But writing books did not satisfy Meredith. Eventually, all her books “started turning into plays…Book writing was the entrance drug to playwriting,” confides McMath. She needed to see her stories come alive. Part of the draw for her in staging plays is seeing how an actor will add to her story. “I find all satisfaction in directing…I love seeing everyone else’s success…I prefer bringing someone else to the place where they’re shining.” She is an avid collaborator.
She and her husband had settled in Loudoun, a northern Virginia county deeply self-conscious of its past. A visitor asking for directions will likely be told to “go a little ways, then turn left where the old school used to be.” Meredith’s perspective changed the longer she lived in Loudoun and the more she knew about the area. After all, this is where the Declaration of Independence was squirreled away during the War of 1812 and Lafayette feted a decade or so later. It’s where one barkeeper slides his drinks across a wood plank originally used as a battlefield surgical table during the Civil War.
In 1997, Meredith Bean McMath proudly premiered her first full-length play, The Waterford Girls. She based it on the true Civil War story of three Loudoun girls who published a pro-Union newspaper while living in the Confederacy. Renamed All for the Union, the work has been staged multiple times and is a popular fundraiser with non-profits.
Meredith’s mother Maxine moved in with the McMaths in 1989. Until her death in 2014, she full-heartedly aided and abetted her daughter’s work in the theater while doing a fair amount of stage work on her own. Maxine acted — often in plays and other pieces by Meredith — and was a costumer as well as producer. According to Meredith, “I had my muse with me all the time.”
Other plays and recognition followed The Waterford Girls. In 2003 Meredith’s contemporary play Sticks and Stones earned her first prize in the Source Ten Minute Play Competition in Washington, D.C. She captured a “Best Director of a Musical Award” from D.C. Metro Theatre Arts in 2012 for Once Upon A Christmas Carol. Meredith has been honored in the “Women with Vision” Exhibit at the Franklin Park Arts Center, received a Loudoun History Award and been nominated for a Virginia Governor’s Award. She also serves her state and community on boards, committees and grants panels.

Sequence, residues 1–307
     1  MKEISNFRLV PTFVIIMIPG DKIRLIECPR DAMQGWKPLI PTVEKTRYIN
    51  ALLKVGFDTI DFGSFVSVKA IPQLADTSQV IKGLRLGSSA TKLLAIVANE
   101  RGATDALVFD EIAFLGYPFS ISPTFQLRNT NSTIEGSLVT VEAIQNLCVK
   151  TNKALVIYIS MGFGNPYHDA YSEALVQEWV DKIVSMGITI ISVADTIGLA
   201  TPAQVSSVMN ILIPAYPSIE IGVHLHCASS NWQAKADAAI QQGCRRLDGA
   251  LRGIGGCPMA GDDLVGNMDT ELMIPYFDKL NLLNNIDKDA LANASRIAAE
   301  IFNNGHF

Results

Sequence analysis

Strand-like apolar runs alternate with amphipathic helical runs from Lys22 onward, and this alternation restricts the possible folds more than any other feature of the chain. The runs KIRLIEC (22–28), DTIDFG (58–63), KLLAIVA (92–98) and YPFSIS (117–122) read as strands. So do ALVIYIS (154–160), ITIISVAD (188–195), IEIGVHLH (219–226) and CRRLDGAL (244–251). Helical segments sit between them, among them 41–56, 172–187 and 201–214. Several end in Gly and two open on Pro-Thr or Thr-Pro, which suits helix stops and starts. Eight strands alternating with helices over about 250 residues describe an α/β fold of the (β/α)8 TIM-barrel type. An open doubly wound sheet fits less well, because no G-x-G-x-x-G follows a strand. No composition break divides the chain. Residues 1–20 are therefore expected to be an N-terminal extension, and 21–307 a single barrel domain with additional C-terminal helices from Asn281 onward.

“People who’ve helped me are an important aspect (of my life).” Meredith mentions Tim Jon, Dolly Stevens and Tom Sweitzer, then quotes D.C. playwright Martin Blank, “great playwrights ask important questions and answers them.” She noticed mentors often held on to their creative vision by establishing their own production companies; she followed suit.
Run Rabbit Run Productions began in 1999 and its offshoot, Run Rabbit Run Theater, in 2010, giving McMath total artistic flexibility and license. The name harkens back to a Civil War soldier in the Virginia 8thInfantry (which included men from Loudoun County). Hunkered down on the last day of the Battle of Gettysburg, the Confederate was awaiting the call to charge in what was already recognized by many as a futile effort. Suddenly, a rabbit popped up from the brush and skedaddled. Historian Shelby Foote quoted the infantryman as saying, “Run, old hare. If I’s an old hare, I’d run, too.” The soldiers’ ensuing effort, known as Pickett’s Charge, would prove the beginning of the end for the Confederacy.
Currently, Meredith directs and produces two to three shows per year. In 201l, she returned to school, earning a master’s degree in Arts Management from Shenandoah University. This comes in handy as Run Rabbit Run Productions manages all aspects of a theatrical work — from hiring staff to designing marketing campaigns to tracking budgets. Meredith’s published two additional books, The Complete Idiot’s Guide to the Legacy of Lincoln and Pella’s Angel, a re-working of Annabelle with illustrations from the time period and bibliographic references.
Right now, an idea for a play “that burns a hole in me” is the life of actress Ann Brunton Merry. Ann died tragically in 1808 at Alexandria’s Gadsby Tavern after giving birth. The popular English actress had been “a bright ornament upon the sky.” Ann Brunton Merry gained fame, not only for her exquisite acting but also for taking on theatrical management responsibilities when her husband died within weeks of their marriage. Meredith admits “I get really excited about stories and I have to write it down.”